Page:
- For Teachers
1. George said, “I am going to Prague tomorrow”. .......2. George said (that) he was going to Prague the next day.
3. “Where is Emma going?” asked Charles. ..................’4. Charles asked me where Emma was going,
5a. I wonder where Luke lives. .....5b. I do not know where Luke lives. .....5c.Can you tell me where Luke lives?
#1 and #3 are examples of direct speech – the words used are exactly those used by the speakers when they uttered them.
#2 and #4 are examples of one type of indirect speech, reported speech. They report the words without directly quoting them.More specifically, #4 is a reported/indirect question.
#5a, b and c are also examples of indirect questions, but they are not reported questions. Although they each have an underlying question, “Where does Luke live?” that direct question is never uttered.
As we saw in #1 and #2, the change from direct to indirect speech can involve changes in pronouns, tenses and time adverbials:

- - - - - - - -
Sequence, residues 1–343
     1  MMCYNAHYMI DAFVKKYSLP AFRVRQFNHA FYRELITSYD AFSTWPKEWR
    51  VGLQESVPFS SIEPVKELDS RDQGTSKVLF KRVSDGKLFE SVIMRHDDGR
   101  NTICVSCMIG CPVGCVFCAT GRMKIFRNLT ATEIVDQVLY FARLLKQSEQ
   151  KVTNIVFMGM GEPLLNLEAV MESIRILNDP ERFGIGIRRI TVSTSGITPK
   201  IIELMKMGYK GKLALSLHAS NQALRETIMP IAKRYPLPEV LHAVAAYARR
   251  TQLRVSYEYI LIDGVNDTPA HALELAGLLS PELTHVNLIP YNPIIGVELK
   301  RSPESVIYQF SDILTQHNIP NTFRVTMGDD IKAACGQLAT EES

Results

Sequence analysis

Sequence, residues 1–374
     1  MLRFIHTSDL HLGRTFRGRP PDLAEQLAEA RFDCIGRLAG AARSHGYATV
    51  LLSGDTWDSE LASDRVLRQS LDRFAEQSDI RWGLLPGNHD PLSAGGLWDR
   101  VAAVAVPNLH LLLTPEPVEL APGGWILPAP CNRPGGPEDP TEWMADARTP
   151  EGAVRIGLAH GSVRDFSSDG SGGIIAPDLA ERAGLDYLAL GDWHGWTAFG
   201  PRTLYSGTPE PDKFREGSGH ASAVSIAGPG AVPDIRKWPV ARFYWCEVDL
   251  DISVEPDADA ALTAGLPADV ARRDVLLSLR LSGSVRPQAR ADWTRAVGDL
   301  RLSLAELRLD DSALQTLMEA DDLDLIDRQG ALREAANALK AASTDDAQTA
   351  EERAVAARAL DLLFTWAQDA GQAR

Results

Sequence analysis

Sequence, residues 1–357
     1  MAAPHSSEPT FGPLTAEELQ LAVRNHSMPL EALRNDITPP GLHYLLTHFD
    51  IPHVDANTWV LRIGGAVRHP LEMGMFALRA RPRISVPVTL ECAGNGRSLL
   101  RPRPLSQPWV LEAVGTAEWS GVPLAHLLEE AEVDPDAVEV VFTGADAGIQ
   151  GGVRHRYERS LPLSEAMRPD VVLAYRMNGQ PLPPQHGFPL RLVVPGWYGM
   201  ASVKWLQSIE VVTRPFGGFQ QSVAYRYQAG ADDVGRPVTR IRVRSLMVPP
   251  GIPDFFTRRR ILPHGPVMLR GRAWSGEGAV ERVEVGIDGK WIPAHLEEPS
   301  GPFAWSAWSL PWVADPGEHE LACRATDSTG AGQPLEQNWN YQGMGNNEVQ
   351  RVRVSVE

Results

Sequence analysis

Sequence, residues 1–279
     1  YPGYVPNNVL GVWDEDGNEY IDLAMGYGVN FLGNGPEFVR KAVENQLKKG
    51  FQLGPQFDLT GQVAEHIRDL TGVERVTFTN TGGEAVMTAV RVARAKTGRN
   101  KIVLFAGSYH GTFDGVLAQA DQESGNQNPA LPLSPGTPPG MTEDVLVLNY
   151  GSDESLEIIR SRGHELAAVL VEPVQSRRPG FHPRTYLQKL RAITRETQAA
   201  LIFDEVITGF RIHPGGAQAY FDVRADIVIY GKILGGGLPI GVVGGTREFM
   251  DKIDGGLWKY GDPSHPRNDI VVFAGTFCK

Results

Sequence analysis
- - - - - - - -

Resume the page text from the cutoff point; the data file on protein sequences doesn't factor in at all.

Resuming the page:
1. George said, ..............“I ......am ......going to Prague...... tomorrow”. .....
2. George said (that) .....he..... was..... going to Prague..... the next day.
In these notes we shall concentrate on the change in tense, though we shall look at a number of other points associated with indirect speech.
The change in tense that we find in some, but not all, examples of indirect speech is often referred to as backshifting – the tenses are shifted/moved back to one normally used for a previous time:
Present Tenses become past tenses:
“I am going home.” – He said he was going home.
“Do you feel sick?” – She asked John if he felt sick.
Present perfect becomes past perfect:
“Lindsay has left home.” – She said (that) Lindsay had left home.
“I have been looking for you.” He said that he had been looking for me.
Past tenses normally become past perfect:
“When did you leave Germany?” – They asked me when I had left Germany.
“I wasn’t expecting you to say that.” - She said (that) she hadn’t been expecting me to say that.
The modal verbs can, may and will change to could, might and would, respectively.
Could, might, would, should and needn’t do not change - there are no past (perfect) forms of these verbs.
Must generally does not change, though it can change to had to when it denotes obligation. This change is not essential.
We consider shall in section 7.